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It will not avail to do nothing, to believe that salvation will somehow come irrespective of what we do. Our religious obligation is to have emunah and, at the same time, to be realistic, which means not to stick our heads in the ground and ignore that which is already before us. The economic fundamentals are miserable, they are likely to get worse and improvement isn’t around the corner. If yeshivas and day schools are struggling now, it is not hard to imagine what lies ahead.
Presently, there is far more denial than there is action to deal with the deleterious consequences of the crisis. As expected, people on the firing line – whether faculty and staff whose paychecks are late in coming, parents worried about meeting tuition obligations, or lay officers responsible for a school’s budget. At the communal level, there is inaction, even quiet, and if this isn’t a form of denial, I will accept suggestions for an alternative term.
So far as I can tell, our community organizations and leaders have been silent. Where are our rabbis? Where are our yeshiva deans? Have there been any meetings aimed at dealing with the expanding crisis? I am not aware of any. We need to bestir ourselves and this includes the philanthropic sector, if there are philanthropists left after the financial carnage.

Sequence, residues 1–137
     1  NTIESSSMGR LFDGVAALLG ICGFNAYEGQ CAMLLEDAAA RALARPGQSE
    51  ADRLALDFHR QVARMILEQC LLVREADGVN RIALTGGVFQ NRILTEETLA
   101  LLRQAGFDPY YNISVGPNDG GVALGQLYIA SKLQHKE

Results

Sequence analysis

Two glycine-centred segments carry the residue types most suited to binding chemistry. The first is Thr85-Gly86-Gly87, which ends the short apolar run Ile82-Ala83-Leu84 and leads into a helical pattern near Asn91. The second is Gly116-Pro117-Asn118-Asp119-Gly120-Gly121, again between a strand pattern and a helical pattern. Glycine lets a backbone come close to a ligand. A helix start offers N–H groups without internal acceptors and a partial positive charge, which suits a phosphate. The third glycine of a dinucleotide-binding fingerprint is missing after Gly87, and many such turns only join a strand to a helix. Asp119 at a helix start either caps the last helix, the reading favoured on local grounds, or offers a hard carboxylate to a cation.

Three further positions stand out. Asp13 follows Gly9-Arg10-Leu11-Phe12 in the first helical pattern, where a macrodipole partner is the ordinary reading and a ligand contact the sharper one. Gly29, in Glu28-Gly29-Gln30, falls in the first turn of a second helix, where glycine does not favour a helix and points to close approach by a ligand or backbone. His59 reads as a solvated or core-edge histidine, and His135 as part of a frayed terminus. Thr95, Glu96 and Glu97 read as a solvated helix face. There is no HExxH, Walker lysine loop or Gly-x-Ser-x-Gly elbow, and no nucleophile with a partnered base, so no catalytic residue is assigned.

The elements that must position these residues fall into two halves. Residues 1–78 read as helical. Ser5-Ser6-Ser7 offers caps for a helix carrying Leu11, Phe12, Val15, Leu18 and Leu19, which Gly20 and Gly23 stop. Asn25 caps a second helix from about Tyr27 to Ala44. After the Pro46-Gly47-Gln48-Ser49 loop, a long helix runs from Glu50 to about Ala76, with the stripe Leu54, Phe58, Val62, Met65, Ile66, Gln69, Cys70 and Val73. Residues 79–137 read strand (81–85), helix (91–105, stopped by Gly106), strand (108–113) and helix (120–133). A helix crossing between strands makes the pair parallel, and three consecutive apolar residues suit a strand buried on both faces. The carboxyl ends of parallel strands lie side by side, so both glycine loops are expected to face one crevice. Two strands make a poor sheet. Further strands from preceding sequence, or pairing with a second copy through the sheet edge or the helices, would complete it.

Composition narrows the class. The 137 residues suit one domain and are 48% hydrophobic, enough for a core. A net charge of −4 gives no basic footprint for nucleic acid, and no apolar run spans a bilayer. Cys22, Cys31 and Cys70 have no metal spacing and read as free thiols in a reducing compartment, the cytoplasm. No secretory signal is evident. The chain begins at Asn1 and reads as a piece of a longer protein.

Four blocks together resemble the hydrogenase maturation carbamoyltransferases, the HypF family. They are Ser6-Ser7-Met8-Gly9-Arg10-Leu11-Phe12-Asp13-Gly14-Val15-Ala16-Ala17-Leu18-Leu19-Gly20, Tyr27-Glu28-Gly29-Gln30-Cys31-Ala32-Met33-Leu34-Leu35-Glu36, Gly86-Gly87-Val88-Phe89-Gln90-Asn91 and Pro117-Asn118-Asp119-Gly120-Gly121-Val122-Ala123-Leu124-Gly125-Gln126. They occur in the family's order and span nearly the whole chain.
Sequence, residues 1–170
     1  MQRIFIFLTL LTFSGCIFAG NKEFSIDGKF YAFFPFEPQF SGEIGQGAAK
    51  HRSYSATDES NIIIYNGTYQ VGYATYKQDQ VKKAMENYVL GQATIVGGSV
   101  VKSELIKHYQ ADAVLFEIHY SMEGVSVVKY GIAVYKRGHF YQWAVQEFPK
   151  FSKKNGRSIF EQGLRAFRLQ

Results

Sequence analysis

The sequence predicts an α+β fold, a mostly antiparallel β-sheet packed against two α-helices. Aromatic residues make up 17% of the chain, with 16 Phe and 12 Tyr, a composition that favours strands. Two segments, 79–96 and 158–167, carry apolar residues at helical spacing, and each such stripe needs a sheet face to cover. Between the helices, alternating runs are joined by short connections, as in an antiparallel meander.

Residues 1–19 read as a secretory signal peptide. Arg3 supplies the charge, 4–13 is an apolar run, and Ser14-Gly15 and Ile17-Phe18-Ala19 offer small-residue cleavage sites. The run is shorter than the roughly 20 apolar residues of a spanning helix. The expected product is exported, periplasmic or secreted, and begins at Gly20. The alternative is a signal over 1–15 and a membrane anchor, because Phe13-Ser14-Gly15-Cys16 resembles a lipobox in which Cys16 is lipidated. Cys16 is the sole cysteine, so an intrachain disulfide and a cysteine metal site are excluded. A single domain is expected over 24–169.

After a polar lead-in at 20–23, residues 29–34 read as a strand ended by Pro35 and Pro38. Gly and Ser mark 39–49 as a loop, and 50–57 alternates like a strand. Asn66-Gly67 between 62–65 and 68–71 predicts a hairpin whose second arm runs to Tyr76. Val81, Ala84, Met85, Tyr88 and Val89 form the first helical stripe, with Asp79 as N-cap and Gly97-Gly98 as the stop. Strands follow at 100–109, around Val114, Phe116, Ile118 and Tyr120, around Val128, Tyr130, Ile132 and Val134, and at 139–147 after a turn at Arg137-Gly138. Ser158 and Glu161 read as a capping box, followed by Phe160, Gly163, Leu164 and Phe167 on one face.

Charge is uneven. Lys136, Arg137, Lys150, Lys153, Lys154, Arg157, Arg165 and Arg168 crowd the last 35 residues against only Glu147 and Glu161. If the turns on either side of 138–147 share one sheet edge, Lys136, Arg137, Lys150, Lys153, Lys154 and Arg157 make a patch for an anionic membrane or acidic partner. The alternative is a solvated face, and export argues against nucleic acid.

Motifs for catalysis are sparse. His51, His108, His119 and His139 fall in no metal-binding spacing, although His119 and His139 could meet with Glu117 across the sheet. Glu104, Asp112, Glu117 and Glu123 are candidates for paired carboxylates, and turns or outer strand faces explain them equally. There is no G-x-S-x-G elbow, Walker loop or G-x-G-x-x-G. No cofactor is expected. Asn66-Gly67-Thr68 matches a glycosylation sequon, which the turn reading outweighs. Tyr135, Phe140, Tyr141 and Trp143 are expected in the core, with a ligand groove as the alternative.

One place to start is to recognize priorities. Over the years, I have argued with scant success that we have created an expensive and bloated enterprise I refer to as “Jewish Education, Inc.,” a collection of activities that purport to assist our schools even as they manage to neglect the truth that education occurs in schools and classrooms and not in self-serving grantsmanship that enriches consultants, evaluators and pseudo-experts.
Jewish Education, Inc. encompasses expensive training programs, expensive trips, expensive conferences and conventions and much else that is at once sterile and falsely promoted as essential for the educational wellbeing of our schools.